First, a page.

Fermented tea (also known as post-fermented tea or dark tea) is a class of tea that has undergone microbial fermentation, from several months to many years. The exposure of the tea leaves to humidity and oxygen during the process also causes endo-oxidation (derived from the tea-leaf enzymes themselves) and exo-oxidation (which is microbially catalysed). The tea leaves and the liquor made from them become darker with oxidation. Thus, the various kinds of fermented teas produced across China are also referred to as dark tea, not be confused with black tea. The most famous fermented tea is Pu-erh, produced in Yunnan Province,  and the Anhua black tea produced in Anhua County of Hunan Province.
The fermentation of tea leaves alters their chemistry, affecting the organoleptic qualities of the tea made from them. Fermentation affects the smell of the tea and typically mellows its taste, reducing astringency and bitterness while improving mouthfeel and aftertaste. The microbes may also produce metabolites with health benefits.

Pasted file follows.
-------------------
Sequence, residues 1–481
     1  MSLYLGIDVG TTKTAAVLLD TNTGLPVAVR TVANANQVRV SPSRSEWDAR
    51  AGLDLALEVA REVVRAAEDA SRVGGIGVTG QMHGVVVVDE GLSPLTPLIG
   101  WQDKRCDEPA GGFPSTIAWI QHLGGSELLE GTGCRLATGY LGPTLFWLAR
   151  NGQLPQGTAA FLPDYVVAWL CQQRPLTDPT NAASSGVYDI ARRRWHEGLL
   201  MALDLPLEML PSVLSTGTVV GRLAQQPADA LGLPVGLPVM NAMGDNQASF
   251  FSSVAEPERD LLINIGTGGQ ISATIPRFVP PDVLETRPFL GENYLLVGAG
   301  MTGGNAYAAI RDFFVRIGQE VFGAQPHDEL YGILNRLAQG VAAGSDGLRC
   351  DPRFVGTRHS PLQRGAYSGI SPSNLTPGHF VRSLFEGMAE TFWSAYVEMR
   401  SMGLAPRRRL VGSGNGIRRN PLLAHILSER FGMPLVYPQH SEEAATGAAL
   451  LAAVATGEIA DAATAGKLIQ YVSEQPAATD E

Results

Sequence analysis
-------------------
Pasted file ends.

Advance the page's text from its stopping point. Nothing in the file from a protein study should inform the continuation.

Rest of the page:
The fermentation is carried out primarily by molds. Aspergillus niger was implicated as the main microbial organism in the Pu-erh process, but that species identification has been challenged by comprehensive PCR-DGGE analysis, which points to Aspergillus luchuensis as the primary agent of fermentation.
Most fermented teas are made in China, but several varieties are produced in Japan. In Shan State, Myanmar, lahpet is a form of fermented tea that is eaten, and similar pickled teas are also eaten in northern Thailand and southern Yunnan.